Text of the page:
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The Role of Civil Society Organisations in Community-Building

 Speakers
See below

 Date
10 Nov 2011

 Venue
SR 502, Level 5, NTU@one-north campus, Executive Centre 11 Slim Barracks Rise (off North Buona Vista Road) Singapore 138664

 Time
9.00am – 12.00noon

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At the launch of the publication ‘An ASEAN Community for All: Exploring the Scope for Civil Society Engagement’ by the Friedrich-Ebert-Stiftung (FES), Office for Regional Cooperation in Asia, jointly organised by the EU Centre,  the role of civil society organisations in Singapore and Europe was explored.

A precise definition of ‘civil society’ has been elusive to some. Hence, Prof Dr Dorothée de Nève(FernUniversitaet Hagen, Germany) offered a comprehensive and practical way of understanding the role of civil society, through its interactions with the other arenas of society. Through cooperation, civil society organisations may identify problems in society and share similar objectives of the state and its political actors in addressing these problems. Through confrontation, groups may openly challenge the state where state actors falter on environmental issues for instance. Through competition, civil society groups may cajole the state to improve its services such as in educational offerings for children. 

In short, civil society takes up issues that are not  addressed by the government, either because these issues or problems exceed the capabilities of the state to address them, or because a recourse to civil society channels offers a chance to tap a greater resources of knowledge, especially on social issues. Civil society groups were originally regarded with suspicion by European governments 100 years ago. As recently as the 1960s, the German politician Bruno Brandes saw no need for ‘extra-parliamentary opposition’ in the form of civil society in a parliamentary democracy like Germany. More recent and current German chancellors like Gerhard Schroeder and Angela Merkel, however, recognise the important contributions of civil society organisations towards good governance.

Dr Stefanie Elies (Director, FES Office for Regional Cooperation in Asia) brought the focus to Southeast Asia with her introduction of the publication that was launched. With the ASEAN Community expected to come into effect in 2015, the FES aims to fill the knowledge gap of the civil society landscape in this region. During the mapping process, researchers were also asked to identify and suggest how existing arrangements could be expanded and resources mobilised, so as to buttress the bottom-up development of civil society in Southeast Asia.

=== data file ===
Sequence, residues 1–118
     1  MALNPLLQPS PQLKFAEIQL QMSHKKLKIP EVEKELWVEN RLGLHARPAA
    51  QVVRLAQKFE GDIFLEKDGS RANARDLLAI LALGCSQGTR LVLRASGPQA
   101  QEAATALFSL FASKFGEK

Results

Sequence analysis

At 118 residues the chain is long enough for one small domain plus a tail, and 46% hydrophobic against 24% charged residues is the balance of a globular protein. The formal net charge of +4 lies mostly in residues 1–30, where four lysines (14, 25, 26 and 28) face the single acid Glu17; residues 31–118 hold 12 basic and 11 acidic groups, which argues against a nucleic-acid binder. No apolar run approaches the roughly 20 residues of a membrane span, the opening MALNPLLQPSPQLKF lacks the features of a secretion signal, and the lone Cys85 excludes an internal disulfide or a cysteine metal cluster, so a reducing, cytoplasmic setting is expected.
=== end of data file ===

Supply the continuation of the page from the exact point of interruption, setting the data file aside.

The Singapore chapter in the publication was written by Dr Gillian Koh and Debbie Soon (both of the Institute of Policy Studies, Singapore), who presented their findings and analysis. Dr Koh charted the incremental widening of the space for civil society organisations in Singapore through the administrations of the three prime ministers – from the time when alternative power bases were eliminated through corporatism and extension of the People’s Action Party government over unions and other organisations, to the current day phenomenon of gradual albeit non-linear political liberalisation. In characterising state-society relations in Singapore, Dr Koh noted the tension and constant negotiation between the two sectors since the 1980s, and that civil society organisations are still the ‘junior partner’ in this relationship  (citing the sociologist Chua Beng Huat). 

The various civil society organisations in Singapore – 7,111 are registered under the Register of Societies as of April 2010 – include groups that are community- and faith-based, private foundations, professional associations and trade unions. To date, the only report on civil societies in Singapore has been the 2007 study by the National Volunteer & Philanthropy Centre on lnstitutions of a Public Character, which concluded that better volunteer management was required. But there has still been no nationwide assessment of the capacity and resources of civil society organisations in Singapore.

The ensuing question and answer session with the audience explored issues of the representativeness of civil society groups, as well as inter- and intra-regional comparisons of civil society in both Europe and Southeast Asia. The ‘marketisation’ of civil society in Europe was also noted in how more commercial companies are creating and/or funding civil society organisations – a phenomenon that is no doubt a boost for civil society development, but the need for constant growth and expansion of these organisations should not  be left unquestioned.

Pictures from the event.